A study recently published in The Journal of Dermatology revealed that topical vitamin D therapy can be considered a safe and effective approach for the treatment of pruritus associated with chronic kidney disease (CKD). The study entitled “Effect of topical vitamin D on chronic kidney disease-associated pruritus: An open-label pilot study” was developed by researchers at Eulji University Hospital in Korea.
CKD is a medical condition characterized by the gradual loss of kidney function over time that can eventually lead to kidney failure, a situation in which the patient will have to undergo either dialysis or a kidney transplant. CKD can be caused by disorders like diabetes or high blood pressure, and is associated with an increased risk of cardiovascular diseases. It is estimated that 26 million American adults suffer from the disease.
CKD-associated pruritus (strong skin itching) is a serious symptom in patients with end-stage renal disease, especially among those receiving dialysis, that can impair the patient’s quality of life.
Vitamin D plays an important role in mineral homeostasis in the body, including calcium. Its deficiency has been recently suggested to be a possible cause of CKD-associated pruritus, although there is a lack of data on the use of topical vitamin D as an effective therapy for mitigating pruritus.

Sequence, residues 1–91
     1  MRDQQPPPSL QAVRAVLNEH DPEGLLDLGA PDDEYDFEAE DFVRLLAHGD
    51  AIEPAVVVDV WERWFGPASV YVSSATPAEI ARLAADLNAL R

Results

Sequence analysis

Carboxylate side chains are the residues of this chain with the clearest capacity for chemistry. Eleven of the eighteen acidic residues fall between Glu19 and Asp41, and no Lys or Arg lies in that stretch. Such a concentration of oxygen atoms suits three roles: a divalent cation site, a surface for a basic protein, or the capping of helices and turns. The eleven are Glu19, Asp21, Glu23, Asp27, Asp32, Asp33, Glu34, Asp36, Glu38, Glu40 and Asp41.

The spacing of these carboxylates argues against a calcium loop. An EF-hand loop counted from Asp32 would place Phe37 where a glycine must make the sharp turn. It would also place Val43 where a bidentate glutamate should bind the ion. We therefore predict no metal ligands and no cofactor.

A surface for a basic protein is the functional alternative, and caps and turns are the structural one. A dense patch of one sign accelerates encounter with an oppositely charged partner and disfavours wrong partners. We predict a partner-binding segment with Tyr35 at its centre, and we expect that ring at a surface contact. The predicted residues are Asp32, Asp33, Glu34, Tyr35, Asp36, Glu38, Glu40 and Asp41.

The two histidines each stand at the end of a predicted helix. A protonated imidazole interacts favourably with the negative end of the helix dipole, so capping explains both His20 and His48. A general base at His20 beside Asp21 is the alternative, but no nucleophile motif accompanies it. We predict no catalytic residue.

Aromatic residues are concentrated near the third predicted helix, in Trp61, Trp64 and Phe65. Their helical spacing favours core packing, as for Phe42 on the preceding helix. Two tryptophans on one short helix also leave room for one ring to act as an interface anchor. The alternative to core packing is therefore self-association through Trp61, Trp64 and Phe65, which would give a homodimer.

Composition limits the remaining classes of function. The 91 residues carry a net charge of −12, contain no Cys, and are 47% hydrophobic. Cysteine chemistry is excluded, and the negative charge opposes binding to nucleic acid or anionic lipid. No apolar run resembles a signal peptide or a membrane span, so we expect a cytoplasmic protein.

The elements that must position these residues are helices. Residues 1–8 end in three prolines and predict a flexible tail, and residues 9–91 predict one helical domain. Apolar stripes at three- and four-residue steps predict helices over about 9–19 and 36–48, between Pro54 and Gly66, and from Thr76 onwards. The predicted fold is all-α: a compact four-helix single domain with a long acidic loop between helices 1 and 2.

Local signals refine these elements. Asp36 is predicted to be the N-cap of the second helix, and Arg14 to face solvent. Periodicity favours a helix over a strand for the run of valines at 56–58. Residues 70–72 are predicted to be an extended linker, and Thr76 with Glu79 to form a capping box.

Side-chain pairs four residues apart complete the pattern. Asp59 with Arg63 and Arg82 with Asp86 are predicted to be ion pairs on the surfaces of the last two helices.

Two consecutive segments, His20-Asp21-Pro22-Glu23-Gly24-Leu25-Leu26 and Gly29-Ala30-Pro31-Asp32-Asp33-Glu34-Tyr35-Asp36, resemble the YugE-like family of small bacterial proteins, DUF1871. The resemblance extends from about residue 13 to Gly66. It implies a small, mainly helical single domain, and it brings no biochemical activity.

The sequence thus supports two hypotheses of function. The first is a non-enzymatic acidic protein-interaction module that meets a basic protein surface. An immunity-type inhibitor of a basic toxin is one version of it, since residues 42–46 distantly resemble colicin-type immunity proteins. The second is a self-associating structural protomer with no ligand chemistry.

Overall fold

Now, researchers investigated the efficacy and safety of topical vitamin D in patients with CKD-associated pruritus. In total, 23 patients were instructed to apply twice daily for a month a topical vitamin D (calcipotriol) agent (Daivonex solution; LEO Pharma) or a control solution. Patients were evaluated every 2 weeks through clinical parameters, dermoscopic photographs and specific questionnaires to assess pruritus [namely the validated modified pruritus assessment score (VMPAS) and the visual analog scale (VAS)].
Researchers found that topical vitamin D treatment significantly improves the dryness (scales) of the skin in comparison to the control treatment. Both VMPAS and VAS scores were found to be significantly reduced after 2 and 4 weeks of topical vitamin D treatment in comparison to the control. The team reported no significant adverse events related to the treatment.
The authros concluded that topical vitamin D treatment can significantly reduce pruritus severity and improve the skin surface condition, therefore suggesting it could be considered a potential safe and effective therapeutic strategy for patients with CKD-associated pruritus. The authors believe that the application of topical vitamin D may be able to regulate the abnormal calcium gradient and the elevated levels of pro-inflammatory cytokines that have been reported in patients with CKD-associated pruritus.